ADO.NET is a data access technology from the Microsoft .NET Framework that provides communication between relational and non-relational systems through a common set of components. This post is intended to cover the proper usage of the SqlDataReader and indirectly connection management and performance. It is also geared towards SQL Server, but concepts can be generally applied for other databases.
A bit on database connections. Database connections are expensive resources and typically consist of several time-consuming steps. Therefore, a simple rule to follow is to open a connection as late as possible, close it as soon as possible, and rely on Connection Pooling to do the rest.
I often see legacy and even new code that does not close or dispose of ADO.NET objects that implement the IDisposable Interface. Here is an example of bad code:
What is wrong with this code? Well, a lot of things. Let's get into it.
The SqlConnection and SqlDataReader both implement the IDisposable Interface because both types use unmanaged resources. Unmanaged resources are objects that wrap operating system resources, such as files, windows, network connections, or database connections.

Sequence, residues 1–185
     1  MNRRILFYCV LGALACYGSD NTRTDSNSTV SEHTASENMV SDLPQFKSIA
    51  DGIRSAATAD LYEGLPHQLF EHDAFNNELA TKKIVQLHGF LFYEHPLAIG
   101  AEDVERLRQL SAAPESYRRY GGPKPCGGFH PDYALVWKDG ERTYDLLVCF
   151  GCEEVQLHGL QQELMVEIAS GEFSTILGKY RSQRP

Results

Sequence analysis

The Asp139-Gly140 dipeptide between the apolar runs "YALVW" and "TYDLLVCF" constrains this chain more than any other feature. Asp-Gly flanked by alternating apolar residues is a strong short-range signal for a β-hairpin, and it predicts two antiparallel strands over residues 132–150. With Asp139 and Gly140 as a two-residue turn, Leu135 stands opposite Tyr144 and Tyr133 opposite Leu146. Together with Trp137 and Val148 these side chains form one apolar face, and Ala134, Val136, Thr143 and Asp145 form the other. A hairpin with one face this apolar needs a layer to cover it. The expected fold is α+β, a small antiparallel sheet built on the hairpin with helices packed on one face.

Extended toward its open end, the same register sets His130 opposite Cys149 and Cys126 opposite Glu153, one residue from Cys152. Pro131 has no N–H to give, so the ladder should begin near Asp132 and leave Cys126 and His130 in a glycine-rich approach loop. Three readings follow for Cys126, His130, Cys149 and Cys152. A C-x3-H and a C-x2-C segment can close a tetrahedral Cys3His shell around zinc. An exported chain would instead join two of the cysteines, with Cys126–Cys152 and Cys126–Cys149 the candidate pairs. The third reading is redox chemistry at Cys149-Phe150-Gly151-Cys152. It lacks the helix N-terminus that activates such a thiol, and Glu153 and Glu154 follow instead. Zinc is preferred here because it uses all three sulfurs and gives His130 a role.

Let's re-write the code by wrapping the ADO.NET objects in using statements.
The re-written code is now much cleaner. The using statement simplifies the code that you must write to create and clean up an object. Behind the scenes, it obtains one or more resources, executes the statements that you specify, and automatically disposes of the object. However, the using statement only applies to objects that are used within the scope of the method in which they are constructed.
In this post, I went over the correct pattern to ensure the correct disposal of ADO.NET objects that implement the IDisposable Interface. A final note on the using statement - if you want to catch any errors then you'll need to wrap everything in a try-catch block. Using blocks simply ensures that non-managed resources are disposed of. They cannot handle exceptions.